Although many state statutes list maximum fines, jail time, and license suspension periods, unless the law requires minimum fines, jail time, and suspension, the judge usually has discretion to sentence for periods up to the various maximums. This means that a defendant can theoretically end up with no, or very low, jail time and penalties.
Defendants who have prior DUI convictions probably can’t count on a mild sentence due to the absence of a mandatory minimum sentence in the statute, however. In all states, penalties increase for second and subsequent offenses, and in most states, that means mandatory minimum penalties for these subsequent violations. However, often there’s a “wash out” provision—a rule that effectively makes a prior DUI of a certain age go away for purposes of enhancing subsequent sentences. For example, a mandatory minimum may apply to a current conviction only if the prior conviction was incurred less than five, seven, or ten years ago. When a prior has washed out, the subsequent offense is treated as a first offense for punishment purposes.
....Weeks after the introduction of legal recreational marijuana sales in Colorado and we already have a speed dating event for people who partake.
“For those who do partake, it’s important their partner or potential partner do that as well,” said Tina Allman, the SpeedLA Dating office manager who oversees events in 18 cities throughout the U.S. and Canada. “It’s a nice icebreaker, and it’s nice going into a group knowing that that question’s off the table.”
SpeedDenver had posted a 420-friendly event in February that was rescheduled because of weather — for 8 p.m. April 8 at Vinue (the cost is $42). It might be perfect timing for a 4/20 connection.
“We posted it in the first place because we got requests,” said Allman. “We’ve been hosting events across the country for seven years. We’re a bit on the cheeky side. We don’t offer specialized events all that often, but we got so many requests for a pot-friendly event in Colorado that we thought it would be a fun thing to do. It’ll be interesting to see what kind of crowd comes in.”
SpeedLA’s events are known for being casual, chic and informal, according to user reviews. And perhaps most importantly, the company will have an even number of men and woman at the 420-friendly event — regardless of pot’s patriarchal stereotype.
“We’ve already had a great response,” said Allman. “Usually our events are 15-20 guys, 15-20 girls. We don’t like to do much more than that, because it can be overwhelming to meet so many people over the same night. If this one is successful, we could do one a month, especially in the warmer months.
“I’m surprised at the female response. I thought (there would be more men than women interested), but right now the female response is higher than the male response. Women are more shy to ask than men, and that’s likely why.”
What kind of reaction is Allman’s company hearing exactly?
“People seem to be appreciative that we’re offering it,” she said. “Some find it funny or embarrassing. It’s still kind of taboo to some people. Some have asked if they can partake at the venue, but we can’t do that because we’re not in a private space. But that would be nice, and maybe down the line we could look at other opportunities where partaking could happen on site.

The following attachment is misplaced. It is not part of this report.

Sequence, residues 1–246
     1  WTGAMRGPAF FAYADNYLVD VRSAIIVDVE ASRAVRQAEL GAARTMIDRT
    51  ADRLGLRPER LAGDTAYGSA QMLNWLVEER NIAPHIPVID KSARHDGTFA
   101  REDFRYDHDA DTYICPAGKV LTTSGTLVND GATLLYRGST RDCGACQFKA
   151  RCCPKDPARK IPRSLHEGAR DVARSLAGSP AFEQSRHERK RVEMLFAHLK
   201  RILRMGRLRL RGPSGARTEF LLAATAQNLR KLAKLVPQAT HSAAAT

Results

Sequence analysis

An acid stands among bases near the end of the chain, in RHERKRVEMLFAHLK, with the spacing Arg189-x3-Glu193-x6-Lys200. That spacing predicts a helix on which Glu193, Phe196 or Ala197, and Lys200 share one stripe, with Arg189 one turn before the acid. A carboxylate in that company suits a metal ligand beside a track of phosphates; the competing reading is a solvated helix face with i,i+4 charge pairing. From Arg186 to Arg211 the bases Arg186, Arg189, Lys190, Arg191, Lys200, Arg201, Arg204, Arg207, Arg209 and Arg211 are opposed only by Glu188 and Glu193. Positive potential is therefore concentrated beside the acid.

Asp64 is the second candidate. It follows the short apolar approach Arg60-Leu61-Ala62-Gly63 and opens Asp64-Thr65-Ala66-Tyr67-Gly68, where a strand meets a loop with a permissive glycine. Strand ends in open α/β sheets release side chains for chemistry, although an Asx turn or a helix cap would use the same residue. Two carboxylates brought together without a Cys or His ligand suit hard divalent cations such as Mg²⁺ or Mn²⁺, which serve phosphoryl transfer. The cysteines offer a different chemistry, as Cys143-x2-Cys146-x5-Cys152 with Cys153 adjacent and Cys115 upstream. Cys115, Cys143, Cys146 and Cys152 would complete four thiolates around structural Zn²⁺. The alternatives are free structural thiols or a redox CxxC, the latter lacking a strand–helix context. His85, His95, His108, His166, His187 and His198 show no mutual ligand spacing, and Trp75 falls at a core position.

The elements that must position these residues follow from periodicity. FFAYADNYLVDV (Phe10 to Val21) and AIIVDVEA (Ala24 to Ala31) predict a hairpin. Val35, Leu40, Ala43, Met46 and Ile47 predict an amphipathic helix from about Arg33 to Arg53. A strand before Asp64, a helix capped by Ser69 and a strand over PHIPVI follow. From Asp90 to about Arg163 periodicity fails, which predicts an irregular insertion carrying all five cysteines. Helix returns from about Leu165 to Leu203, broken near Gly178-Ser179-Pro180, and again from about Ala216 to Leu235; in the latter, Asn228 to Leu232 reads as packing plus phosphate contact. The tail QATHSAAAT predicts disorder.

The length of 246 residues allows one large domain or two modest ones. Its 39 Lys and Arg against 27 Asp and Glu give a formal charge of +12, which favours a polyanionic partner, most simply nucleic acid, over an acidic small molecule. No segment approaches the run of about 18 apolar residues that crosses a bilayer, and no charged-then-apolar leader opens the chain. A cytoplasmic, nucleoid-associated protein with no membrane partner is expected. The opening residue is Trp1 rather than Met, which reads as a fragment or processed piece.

“But mostly they’re glad it’s a question they don’t have to ask. They want to ask it, but they’re still shy.”
Via The Cannabist
I was in Mexico on ‘Green Wednesday’ last week when those pot shops opened in Colorado, making it the first jurisdiction in the world to allow the legal sale of recreational marijuana. The reaction there was partly one of puzzlement. The war on drugs was born of American pressure. What the heck is going on?
The cost of that policy has been horrible for Mexico, where 70,000 have died since former president Felipe Calderon made crushing the cartels his top priority in 2006. While his successor, Enrique Pena Nieto, is focusing less on the cartels and more on restoring public security, blood is still being spilled every day.
Yet America is suddenly projecting muddle. The Justice Department says it still considers marijuana an illegal psychotropic substance but in the same breath promises not stand in the way of states moving to legalise it. Such is the miracle of federalism. But if marijuana is now deemed OK in Colorado – and dispensaries will open soon in Washington as well, the other state that approved legal marijuana at the end of 2012 – what message does that send to Mexico and others fighting the war on drugs largely on America’s behalf?
“It looks hypocritical that we are allowing this experiment to go forward while Mexico is waging a life-and-death war to prevent people from consuming these drugs in the United States,” remarks David Shirk, a fellow with the Mexico Institute at the Wilson Center who also teaches at San Diego University.
“Imagine you’re a Mexican soldier about to raid a major marijuana plantation. He has to be asking himself, ‘Why am I risking my life for a bunch of gringos who are going to smoke this stuff freely in Colorado?’”
Yet there are those in Mexico and elsewhere in Latin America who see hope in the Colorado ganja rush. These are the voices that contend that only by legalising can governments weaken the cartels that have so direly poisoned society with violence and by corrupting civic institutions.
Vicente Fox, Mexico’s president before Mr Calderon, has been preaching the legalisation gospel – and blasting the American-led anti-drugs campaign – to anyone who’ll listen. The war on drugs, he told High Times magazine last summer, has “been a total disaster”.
He added: “My highest priority is to stop violence in Mexico. And this is one clear way that we will accomplish that in the process of time.”